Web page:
I spent today glaring at next door's guttering which has a rainforest growing in it and sends loads of water merrily pouring onto OUR render! And then paranoidly searching for cracks in the render and rolling marbles across floors like I have seen on Homes Under The Hammer. And replacing a shower switch because it was burning out and making the bathroom smell of fish. Fish FFS! But I googled it and apparently fishy bathrooms are A Thing.

Ought I get a structural engineer in just to reassure me the house isn't slipping down the hill? Who would be able to advise me about the gigantic creeping damp patch on the stairs wall? Just a builder or someone in particular?

spotty26 Fri 21-Mar-14 20:01:28

Oh poor you, that is rubbish. Can you get excited again somehow? Dreams are what get you through these patches. I have all sorts of plans which range from a windfall of £5k to £200k to our house. Buy a few magazines. Pin up some swatches, go on Pinterest and find similar done houses to yours.

Attack a small job a week and see how it looks in 6 months. I have an overgrown garden which was getting me down. I have been chipping away and suddenly starting to see how I can get on top of it. Bite size chunks.

Good luck

ShoeWhore Fri 21-Mar-14 20:13:05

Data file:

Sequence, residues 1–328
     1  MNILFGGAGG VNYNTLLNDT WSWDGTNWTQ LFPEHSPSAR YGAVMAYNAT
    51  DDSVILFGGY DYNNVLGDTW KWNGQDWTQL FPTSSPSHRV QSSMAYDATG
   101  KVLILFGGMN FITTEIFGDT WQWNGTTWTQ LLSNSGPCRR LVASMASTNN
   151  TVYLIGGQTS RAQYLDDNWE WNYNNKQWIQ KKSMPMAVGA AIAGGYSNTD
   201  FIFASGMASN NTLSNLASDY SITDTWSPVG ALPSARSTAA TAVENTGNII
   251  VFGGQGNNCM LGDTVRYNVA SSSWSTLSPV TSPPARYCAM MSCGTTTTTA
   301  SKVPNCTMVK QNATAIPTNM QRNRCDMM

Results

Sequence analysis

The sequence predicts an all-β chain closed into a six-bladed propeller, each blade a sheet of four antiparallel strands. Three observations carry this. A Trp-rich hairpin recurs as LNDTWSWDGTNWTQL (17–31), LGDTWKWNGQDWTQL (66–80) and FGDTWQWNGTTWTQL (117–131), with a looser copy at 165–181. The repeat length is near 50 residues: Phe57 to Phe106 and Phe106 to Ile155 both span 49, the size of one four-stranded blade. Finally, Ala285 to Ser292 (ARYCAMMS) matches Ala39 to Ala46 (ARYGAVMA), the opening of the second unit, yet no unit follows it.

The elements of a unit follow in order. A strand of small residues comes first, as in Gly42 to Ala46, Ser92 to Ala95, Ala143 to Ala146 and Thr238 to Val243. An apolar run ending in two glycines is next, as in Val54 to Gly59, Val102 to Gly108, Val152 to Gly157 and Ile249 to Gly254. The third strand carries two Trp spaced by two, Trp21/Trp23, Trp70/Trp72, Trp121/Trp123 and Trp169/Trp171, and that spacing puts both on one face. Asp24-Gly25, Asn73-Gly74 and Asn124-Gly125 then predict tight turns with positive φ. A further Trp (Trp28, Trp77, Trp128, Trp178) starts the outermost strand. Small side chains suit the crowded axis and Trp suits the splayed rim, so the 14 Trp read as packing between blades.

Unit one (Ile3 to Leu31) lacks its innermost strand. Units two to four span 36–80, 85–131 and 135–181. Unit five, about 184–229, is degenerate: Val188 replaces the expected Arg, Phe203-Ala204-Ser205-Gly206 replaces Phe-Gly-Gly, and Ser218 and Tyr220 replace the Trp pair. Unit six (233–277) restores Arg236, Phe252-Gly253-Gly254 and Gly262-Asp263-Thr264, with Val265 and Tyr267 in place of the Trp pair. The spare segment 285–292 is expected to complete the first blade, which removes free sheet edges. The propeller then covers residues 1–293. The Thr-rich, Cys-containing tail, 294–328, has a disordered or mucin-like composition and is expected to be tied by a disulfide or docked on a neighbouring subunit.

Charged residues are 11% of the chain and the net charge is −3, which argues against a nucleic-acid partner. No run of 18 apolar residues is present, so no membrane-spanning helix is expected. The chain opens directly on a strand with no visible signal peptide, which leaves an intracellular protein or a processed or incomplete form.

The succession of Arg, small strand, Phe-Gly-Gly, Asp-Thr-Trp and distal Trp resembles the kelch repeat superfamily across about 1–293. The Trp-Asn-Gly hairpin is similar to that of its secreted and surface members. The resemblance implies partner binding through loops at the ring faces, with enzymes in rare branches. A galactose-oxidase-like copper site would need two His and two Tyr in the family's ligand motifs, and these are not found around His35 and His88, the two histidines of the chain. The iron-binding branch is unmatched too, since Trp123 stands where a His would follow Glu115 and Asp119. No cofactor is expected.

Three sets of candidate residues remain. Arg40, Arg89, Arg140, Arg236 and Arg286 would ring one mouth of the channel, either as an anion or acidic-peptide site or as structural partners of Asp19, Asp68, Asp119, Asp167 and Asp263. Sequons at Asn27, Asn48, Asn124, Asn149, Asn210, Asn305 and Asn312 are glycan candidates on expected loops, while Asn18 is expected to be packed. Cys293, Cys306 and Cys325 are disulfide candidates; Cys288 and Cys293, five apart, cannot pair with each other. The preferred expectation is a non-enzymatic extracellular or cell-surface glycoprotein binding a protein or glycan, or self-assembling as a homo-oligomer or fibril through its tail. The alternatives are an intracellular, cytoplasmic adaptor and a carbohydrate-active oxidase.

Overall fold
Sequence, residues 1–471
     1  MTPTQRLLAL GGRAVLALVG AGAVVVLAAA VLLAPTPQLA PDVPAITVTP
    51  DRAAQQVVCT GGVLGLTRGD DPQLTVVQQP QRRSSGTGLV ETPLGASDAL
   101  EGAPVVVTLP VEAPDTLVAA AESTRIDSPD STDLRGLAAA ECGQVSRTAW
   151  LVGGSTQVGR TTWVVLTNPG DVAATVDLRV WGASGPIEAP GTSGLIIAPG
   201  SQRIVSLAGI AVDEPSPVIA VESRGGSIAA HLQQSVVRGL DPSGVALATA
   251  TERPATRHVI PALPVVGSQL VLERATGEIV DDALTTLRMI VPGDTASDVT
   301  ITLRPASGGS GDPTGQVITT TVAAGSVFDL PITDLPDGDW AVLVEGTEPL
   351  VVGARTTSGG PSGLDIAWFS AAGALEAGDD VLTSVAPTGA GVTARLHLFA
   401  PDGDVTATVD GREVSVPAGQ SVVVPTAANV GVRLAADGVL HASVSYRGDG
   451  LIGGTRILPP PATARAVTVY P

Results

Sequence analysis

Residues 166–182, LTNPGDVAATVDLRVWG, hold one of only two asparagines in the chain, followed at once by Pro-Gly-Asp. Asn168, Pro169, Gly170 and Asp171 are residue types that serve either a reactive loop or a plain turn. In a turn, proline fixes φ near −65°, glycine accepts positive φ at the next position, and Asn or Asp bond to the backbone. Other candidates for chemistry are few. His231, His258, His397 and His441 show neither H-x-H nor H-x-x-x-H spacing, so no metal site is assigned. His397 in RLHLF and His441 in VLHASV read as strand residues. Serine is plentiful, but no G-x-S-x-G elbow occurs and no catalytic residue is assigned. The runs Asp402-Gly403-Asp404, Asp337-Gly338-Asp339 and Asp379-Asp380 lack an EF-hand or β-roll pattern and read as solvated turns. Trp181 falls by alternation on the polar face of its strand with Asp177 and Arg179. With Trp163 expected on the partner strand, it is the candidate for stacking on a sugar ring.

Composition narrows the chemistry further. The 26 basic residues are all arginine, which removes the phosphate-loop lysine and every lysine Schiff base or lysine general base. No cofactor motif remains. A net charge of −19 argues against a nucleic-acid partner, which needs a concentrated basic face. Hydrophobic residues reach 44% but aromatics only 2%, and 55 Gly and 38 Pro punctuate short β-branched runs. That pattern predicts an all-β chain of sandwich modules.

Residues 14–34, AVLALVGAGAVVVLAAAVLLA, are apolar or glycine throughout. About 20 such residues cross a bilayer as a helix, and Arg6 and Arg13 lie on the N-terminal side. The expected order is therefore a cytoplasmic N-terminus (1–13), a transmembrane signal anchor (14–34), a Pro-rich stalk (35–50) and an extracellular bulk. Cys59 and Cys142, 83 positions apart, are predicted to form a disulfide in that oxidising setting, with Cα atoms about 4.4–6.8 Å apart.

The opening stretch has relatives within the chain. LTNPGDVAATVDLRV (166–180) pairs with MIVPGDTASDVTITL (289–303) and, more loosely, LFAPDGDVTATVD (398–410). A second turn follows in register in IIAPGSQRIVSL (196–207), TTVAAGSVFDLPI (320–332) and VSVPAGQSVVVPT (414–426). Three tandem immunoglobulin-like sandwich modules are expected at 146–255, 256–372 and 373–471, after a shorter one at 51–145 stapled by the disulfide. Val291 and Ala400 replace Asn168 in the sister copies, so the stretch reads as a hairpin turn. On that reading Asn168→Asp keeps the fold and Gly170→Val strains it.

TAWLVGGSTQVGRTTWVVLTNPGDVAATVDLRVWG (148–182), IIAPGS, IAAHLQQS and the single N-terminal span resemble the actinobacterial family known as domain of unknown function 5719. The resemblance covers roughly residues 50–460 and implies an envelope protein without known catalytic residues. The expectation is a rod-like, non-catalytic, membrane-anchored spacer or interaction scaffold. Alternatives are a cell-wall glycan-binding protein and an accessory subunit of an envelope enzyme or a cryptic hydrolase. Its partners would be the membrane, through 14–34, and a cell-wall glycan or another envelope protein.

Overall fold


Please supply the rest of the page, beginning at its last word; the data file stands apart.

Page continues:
OK so the survey didn't say anything bad about the cracks? Then I think you can relax a bit - it really is highly unlikely that your house is falling down wink

How wide are the cracks? Old houses do tend to have cracks ime.

Sounds to me like you have a lot on your plate and it all just feels a bit overwhelming have an unmumnetty ((()))

PossumPoo Fri 21-Mar-14 20:19:00

Spot is right, small jobs so once you see some progress it's not so daunting.

HesterShaw Fri 21-Mar-14 21:30:55

You are all lovely. Thank you smile

TealHousewife Tue 25-Mar-14 21:19:12

I feel your pain. We moved into an old house a year ago and it seems like every week there is a new problem. So at the moment there are new damp patches in three of the bedrooms, and we can't work out why. We had just painted the rooms too. Tiles keep coming off the roof, and the outside needs painting, and there are cracks by the front door, and the bathroom floor leaks because the floor boards are old ... I could go on and on. I don't have a solution really but I second what others have said about tackling things but by bit. Eat the elephant and all that. Also, I try to remember what I love about the house. And I figure it's survived this long, it will probably keep going a few more years! (The boiler won't though ... Or the roof...)